Workington Crucifix.


It’s been called The Angel of Workington, an inspiration, and a monstrosity. An image of love and a symbol of torture. The one thing we can say for certain is that giant crucifix on the Workington slag banks has aroused controversy.
Peter Nelson of Vulcan’s Lane in Workington erected the crucifix on the publicly owned Slag Banks in memory of his wife Angela. He did not obtain planning permission. The planning office had originally told him that he must remove that statue but he has recently been granted a temporary reprieve while talks take place. Mr Nelson is seeking to aply for retrospective planning permission. In the local paper, Times and Star, Mr Nelson is quoted as saying “My intentions were never to cause any ill feelings or trouble. I feel it is an asset and enhances the area and I am aware that many people are enjoying its presence.”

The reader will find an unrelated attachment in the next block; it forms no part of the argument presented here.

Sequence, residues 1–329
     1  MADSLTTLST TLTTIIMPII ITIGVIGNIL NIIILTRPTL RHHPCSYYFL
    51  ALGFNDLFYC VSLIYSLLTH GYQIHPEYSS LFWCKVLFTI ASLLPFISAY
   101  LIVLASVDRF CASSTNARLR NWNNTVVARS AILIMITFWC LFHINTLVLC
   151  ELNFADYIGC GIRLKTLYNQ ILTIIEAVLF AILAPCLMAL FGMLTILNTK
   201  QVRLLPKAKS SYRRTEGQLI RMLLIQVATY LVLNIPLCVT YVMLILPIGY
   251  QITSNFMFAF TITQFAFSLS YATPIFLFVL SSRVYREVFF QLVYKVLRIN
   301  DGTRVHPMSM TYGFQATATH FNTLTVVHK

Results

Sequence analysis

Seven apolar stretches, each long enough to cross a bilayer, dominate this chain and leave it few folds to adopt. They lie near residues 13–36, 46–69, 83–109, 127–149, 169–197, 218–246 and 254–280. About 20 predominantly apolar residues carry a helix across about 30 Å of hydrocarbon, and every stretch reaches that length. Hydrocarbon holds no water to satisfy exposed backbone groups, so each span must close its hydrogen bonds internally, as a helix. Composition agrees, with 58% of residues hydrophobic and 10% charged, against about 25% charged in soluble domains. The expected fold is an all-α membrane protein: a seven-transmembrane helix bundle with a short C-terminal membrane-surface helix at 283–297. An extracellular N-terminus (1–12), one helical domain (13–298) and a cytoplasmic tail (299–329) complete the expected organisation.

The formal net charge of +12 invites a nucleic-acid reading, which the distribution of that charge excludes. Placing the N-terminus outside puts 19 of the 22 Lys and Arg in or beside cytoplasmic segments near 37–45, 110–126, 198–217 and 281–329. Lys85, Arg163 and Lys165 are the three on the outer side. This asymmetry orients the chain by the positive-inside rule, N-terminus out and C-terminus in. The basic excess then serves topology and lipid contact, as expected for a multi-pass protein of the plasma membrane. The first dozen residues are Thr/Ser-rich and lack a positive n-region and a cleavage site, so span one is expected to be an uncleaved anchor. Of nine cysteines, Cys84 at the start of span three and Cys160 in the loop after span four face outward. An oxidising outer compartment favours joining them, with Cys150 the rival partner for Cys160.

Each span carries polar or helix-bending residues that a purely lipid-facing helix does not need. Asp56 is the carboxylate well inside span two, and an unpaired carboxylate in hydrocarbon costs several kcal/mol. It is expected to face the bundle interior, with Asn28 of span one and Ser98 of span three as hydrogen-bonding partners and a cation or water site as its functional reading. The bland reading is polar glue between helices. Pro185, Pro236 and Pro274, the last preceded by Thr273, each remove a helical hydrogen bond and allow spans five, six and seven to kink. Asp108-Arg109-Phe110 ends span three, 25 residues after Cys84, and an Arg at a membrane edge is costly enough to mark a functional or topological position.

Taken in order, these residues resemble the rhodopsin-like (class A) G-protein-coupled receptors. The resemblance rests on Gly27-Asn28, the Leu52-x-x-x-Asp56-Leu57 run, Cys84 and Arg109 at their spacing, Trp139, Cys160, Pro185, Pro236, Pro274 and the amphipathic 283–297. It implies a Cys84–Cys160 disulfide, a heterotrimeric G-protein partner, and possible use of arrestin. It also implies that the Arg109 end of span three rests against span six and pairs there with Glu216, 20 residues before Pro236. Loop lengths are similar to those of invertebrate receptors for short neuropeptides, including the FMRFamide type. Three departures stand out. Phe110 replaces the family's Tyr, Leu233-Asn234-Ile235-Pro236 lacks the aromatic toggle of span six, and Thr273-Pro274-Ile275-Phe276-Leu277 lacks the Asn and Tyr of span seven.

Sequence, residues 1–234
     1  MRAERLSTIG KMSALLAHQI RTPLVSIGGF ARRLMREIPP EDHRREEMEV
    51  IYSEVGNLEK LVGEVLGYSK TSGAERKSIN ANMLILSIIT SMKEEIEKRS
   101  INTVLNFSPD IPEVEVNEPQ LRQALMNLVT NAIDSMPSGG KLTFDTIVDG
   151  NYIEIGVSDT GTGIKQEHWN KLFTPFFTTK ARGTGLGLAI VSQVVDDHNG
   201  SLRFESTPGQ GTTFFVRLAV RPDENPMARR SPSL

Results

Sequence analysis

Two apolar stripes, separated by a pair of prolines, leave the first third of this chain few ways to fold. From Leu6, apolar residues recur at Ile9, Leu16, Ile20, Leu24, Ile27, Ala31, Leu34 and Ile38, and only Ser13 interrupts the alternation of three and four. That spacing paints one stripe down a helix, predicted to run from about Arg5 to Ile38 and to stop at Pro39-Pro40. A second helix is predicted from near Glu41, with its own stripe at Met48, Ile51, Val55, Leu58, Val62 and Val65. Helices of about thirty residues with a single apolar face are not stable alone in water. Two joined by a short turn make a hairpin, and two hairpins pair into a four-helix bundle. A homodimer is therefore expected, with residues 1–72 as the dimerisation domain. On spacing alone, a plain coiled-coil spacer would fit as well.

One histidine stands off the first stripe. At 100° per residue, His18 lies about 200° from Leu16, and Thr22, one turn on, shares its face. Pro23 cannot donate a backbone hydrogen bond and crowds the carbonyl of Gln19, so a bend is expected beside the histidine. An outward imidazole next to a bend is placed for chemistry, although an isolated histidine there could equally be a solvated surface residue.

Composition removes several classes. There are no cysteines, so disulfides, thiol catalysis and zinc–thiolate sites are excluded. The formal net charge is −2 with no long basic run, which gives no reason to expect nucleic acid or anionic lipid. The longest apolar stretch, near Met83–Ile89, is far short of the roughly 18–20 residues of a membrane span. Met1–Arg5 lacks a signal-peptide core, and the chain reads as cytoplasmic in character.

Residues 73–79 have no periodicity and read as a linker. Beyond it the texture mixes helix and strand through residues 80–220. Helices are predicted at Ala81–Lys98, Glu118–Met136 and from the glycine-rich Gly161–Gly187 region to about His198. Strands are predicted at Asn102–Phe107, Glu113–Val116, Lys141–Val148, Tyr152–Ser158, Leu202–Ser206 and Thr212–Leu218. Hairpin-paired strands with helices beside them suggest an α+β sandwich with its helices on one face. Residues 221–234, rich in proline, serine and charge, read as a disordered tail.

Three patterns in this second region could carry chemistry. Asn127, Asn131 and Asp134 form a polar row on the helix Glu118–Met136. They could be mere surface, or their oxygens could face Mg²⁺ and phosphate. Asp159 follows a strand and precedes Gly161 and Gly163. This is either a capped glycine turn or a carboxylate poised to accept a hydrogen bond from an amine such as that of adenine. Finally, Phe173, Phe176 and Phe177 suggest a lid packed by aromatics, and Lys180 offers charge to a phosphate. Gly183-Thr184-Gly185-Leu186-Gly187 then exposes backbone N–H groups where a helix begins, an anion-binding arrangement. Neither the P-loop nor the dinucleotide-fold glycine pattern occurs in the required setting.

I think this would be an interesting topic to discuss at out next meeting on 17th Sept. Come along and share your opinions. Everybody welcome!
cross-a02cross-a04The crucifix features red ribbons representing blood flowing from the hand and foot wounds.

cross-a03A couple of dozen commemorative padlocks have been attached to the chain on the base of the cross.

The Political Compass

In a conversation I was having in the last meeting, some conjecture was performed on political leanings, particularly the concept of libertarianism. For those unaware of the subtleties of the political scope, libertarians advocate that the state should have as little to do with people’s lives, especially in the fields of economics, leading to laissez-faire economies where anything goes, extremely low levels of taxation and minimal social security.

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